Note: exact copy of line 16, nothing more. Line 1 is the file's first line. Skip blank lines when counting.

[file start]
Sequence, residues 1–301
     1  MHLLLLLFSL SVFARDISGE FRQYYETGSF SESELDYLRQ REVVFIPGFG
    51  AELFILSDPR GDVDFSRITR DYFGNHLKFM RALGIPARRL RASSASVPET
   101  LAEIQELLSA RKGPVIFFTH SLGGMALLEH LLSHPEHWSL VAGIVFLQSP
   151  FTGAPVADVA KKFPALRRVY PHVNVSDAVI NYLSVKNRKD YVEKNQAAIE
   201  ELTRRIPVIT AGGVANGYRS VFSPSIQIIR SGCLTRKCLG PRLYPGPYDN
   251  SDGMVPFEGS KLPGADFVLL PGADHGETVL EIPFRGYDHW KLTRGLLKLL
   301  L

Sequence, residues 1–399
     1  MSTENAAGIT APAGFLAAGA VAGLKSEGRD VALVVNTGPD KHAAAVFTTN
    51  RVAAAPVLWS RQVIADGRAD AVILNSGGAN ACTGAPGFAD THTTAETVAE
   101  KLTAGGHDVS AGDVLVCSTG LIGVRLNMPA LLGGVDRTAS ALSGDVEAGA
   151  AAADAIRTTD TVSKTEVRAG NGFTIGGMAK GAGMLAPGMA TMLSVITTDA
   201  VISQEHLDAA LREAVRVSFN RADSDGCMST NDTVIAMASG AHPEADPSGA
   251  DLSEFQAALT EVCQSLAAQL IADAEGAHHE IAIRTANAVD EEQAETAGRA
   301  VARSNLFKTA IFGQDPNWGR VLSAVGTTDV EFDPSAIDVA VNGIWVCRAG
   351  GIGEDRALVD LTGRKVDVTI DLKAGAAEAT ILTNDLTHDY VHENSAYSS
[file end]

   301  VARSNLFKTA IFGQDPNWGR VLSAVGTTDV EFDPSAIDVA VNGIWVCRAG